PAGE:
So important was slavery to the American economy that on the eve of the Civil War, many commentators predicted that the North would kill “its golden goose.” That prediction didn’t come to pass, and as a result, slavery’s importance to American economic development has been obscured.

But as scholars delve deeper into corporate archives and think more critically about coerced labor and capitalism — perhaps informed by the current scale of human trafficking — the importance of slavery to American economic history will become inescapable.

(Sven Beckert and Seth Rockman, historians at Harvard University and Brown University respectively, are co-editing “Slavery’s Capitalism: A New History of American Economic Development,” to be published by University of Pennsylvania Press in 2013. The opinions expressed are their own.)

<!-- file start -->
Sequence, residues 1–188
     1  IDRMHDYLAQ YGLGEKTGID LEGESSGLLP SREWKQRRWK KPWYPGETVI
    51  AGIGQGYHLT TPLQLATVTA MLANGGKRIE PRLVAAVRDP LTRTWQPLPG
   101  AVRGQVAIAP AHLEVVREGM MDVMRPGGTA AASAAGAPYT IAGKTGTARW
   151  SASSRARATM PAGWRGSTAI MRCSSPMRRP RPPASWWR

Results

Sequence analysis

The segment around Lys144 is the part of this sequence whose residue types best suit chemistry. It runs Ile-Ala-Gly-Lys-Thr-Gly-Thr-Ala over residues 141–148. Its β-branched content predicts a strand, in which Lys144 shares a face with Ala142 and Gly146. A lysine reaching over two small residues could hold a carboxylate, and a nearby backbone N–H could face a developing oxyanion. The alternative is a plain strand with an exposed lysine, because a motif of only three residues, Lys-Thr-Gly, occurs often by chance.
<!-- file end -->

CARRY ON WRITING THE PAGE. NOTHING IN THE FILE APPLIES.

To contact the writers of this post: Sven Beckert at beckert@fas.harvard.edu and Seth Rockman at Seth_Rockman@brown.edu.

 
20
Jan

Sexism behind lyrics? by Prof. Tricia Rose

Written on January 20, 2012 by blended.team in News

Jay-Z: Dropping the B-word doesn’t begin to cover it

Tricia Rose, professor of Africana studies at Brown University, is well-known for her work on the emergence of hip hop culture, Black Noise: Rap Music and Black Culture in Contemporary America (1994). In 2003 she wrote about black women’s sexual life stories (Longing To Tell: Black Women Talk About Sexuality and Intimacy), and she returned to hip hop in 2008 with The Hip Hop Wars: What We Talk About When We Talk About Hip Hop–And Why It Matters. This essay first appeared in the Guardian (U.K.).
 

IE Brown Prof. Tricia RoseSean Carter, who performs under the name Jay-Z, has apparently vowed never again to use the word bitch in the wake of the birth of his daughter, Blue Ivy Carter.

And while I celebrate and congratulate his new fatherhood, this vow didn’t impress me.